In 2019, research across six aged care facilities using The Pure Food Co fortified products showed a 10 per cent reduction in falls. Among elderly people, those consuming Pure Food purees experienced a 32 per cent increase in energy, a 60 per cent decrease in hospital stays and a 44 per cent decrease in falls.
Clinical Impact of Pure Food
This infographic demonstrates some of the tangible clinical outcomes seen when residents in Aged Care move to a Pure Foods diet.
To support facilities in continuous improvement efforts, we partner with InterRAI to prepare reports for aged care customers demonstrating the clinical impacts of Pure Foods.
All products made by The Pure Food Co are fortified with plant protein to support increased protein intake. Fortified foods make it easier for older people to meet their increased nutrient requirements, and if they have health issues related to swallowing or chewing problems the right texture is needed to support good food intake.
These innovative products are designed by chefs and dietitians to appeal to people who may have lost their appetite for food. Using high quality ingredients, they are sourced locally where possible and combined with extra pea and rice protein, energy and fibre to ensure every mouthful is as nutritious as it is delicious.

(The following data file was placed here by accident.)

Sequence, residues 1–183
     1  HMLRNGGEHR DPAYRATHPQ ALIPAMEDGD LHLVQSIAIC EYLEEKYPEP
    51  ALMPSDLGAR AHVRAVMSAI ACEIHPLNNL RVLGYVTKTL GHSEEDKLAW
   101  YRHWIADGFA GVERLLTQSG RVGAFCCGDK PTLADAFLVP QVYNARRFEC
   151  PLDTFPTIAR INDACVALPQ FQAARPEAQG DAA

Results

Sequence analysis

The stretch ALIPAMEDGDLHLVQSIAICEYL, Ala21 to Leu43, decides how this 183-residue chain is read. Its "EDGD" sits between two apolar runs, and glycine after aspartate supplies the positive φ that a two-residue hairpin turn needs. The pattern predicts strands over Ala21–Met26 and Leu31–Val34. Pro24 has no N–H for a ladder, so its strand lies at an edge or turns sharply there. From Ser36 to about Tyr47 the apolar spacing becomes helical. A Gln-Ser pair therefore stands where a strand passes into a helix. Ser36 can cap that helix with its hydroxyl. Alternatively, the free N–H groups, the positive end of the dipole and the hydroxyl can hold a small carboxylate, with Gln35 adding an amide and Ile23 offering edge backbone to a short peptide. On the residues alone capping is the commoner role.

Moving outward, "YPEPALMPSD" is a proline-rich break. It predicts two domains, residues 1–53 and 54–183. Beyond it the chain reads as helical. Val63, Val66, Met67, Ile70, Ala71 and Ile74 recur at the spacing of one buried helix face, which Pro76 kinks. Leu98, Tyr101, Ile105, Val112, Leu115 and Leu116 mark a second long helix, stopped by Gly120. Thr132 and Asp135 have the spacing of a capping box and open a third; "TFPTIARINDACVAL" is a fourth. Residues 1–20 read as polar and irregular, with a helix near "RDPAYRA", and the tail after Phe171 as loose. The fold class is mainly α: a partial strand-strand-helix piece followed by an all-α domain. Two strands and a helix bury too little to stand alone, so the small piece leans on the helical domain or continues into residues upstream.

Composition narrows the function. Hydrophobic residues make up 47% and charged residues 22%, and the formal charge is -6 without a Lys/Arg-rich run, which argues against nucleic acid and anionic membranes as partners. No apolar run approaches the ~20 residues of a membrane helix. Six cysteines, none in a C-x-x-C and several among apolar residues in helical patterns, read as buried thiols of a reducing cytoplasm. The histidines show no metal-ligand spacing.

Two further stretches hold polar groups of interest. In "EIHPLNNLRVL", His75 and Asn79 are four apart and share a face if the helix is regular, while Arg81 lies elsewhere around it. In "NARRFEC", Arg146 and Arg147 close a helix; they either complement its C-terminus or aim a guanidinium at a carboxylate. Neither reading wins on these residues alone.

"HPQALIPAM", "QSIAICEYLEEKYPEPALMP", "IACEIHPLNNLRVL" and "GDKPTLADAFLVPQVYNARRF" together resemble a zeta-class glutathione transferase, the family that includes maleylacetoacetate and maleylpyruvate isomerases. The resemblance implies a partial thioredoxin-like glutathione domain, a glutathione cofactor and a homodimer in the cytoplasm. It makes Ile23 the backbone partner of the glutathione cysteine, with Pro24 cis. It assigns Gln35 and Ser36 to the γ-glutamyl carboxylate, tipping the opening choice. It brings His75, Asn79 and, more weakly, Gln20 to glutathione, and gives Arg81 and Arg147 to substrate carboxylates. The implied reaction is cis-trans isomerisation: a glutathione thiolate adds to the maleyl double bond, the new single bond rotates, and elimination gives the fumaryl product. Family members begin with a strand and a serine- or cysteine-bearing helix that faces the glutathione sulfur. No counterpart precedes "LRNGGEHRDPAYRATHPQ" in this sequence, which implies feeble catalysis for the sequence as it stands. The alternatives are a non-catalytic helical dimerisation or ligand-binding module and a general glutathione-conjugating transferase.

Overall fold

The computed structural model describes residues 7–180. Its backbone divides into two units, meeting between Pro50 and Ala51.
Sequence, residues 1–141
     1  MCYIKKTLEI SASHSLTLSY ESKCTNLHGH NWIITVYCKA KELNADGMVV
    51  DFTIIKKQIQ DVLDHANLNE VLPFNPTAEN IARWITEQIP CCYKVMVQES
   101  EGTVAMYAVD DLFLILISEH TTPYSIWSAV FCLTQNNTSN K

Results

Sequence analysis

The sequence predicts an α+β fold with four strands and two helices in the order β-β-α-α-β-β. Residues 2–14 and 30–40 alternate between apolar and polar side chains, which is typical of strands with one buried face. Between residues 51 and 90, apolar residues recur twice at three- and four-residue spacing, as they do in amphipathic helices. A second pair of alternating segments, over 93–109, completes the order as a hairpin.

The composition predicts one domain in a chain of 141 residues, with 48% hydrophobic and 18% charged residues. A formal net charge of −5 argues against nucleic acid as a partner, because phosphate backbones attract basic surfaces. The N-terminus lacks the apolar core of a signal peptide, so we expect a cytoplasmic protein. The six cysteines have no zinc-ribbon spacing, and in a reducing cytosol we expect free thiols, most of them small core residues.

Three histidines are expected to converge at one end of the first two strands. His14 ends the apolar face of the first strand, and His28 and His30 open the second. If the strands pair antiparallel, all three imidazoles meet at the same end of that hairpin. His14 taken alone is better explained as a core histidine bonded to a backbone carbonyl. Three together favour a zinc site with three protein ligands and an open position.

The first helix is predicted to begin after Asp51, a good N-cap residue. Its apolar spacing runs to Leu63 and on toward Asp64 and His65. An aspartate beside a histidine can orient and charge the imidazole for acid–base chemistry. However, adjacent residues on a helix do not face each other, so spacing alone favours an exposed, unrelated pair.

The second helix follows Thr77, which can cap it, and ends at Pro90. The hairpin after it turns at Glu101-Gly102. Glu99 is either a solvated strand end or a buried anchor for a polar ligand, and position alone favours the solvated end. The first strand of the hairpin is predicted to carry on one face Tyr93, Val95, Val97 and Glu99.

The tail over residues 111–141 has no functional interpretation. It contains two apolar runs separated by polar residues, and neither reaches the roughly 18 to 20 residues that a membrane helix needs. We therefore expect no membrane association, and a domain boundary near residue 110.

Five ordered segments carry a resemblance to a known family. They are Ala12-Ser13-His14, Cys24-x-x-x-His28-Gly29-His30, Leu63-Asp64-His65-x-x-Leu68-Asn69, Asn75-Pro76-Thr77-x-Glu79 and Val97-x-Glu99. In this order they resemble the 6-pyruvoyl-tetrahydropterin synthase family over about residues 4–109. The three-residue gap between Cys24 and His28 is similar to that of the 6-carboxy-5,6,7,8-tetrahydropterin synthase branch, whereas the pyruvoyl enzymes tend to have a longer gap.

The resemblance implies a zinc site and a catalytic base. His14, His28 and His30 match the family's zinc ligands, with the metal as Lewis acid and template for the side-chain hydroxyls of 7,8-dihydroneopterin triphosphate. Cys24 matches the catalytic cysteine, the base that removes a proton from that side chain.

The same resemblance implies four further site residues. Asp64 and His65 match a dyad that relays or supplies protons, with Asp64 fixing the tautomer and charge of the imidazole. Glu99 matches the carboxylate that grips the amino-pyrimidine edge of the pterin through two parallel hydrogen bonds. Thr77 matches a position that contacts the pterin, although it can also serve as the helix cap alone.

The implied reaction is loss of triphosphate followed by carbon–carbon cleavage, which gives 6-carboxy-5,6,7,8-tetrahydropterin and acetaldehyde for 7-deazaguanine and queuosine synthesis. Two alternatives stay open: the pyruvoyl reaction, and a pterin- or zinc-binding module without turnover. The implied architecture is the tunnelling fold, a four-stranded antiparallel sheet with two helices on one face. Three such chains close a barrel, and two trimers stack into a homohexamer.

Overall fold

All The Pure Food Co products comply with the IDDSI framework for correct textures to ensure reduced risk at mealtimes, so they’re perfect for people with eating difficulties, as well as those recovering from surgery or living with disabilities.
Dysphagia & Symptoms
Learn about dysphagia and its signs & symptoms that are a major risk for malnutrition especially in older people.
The IDDSI Framework
The IDDSI framework standardises terminology, definitions and testing methods for texture modified foods and liquids.
Food across IDDSI
Learn what food looks like across different levels of the IDDSI framework.
 Senior, S., Richter, M., Allen, J. & Wham, C. (2019). Prevalence of malnutrition and dysphagia in advanced age adults newly admitted to age-related residential care. Proceedings, 8, 22; doi:10.3390/proceedings2019008022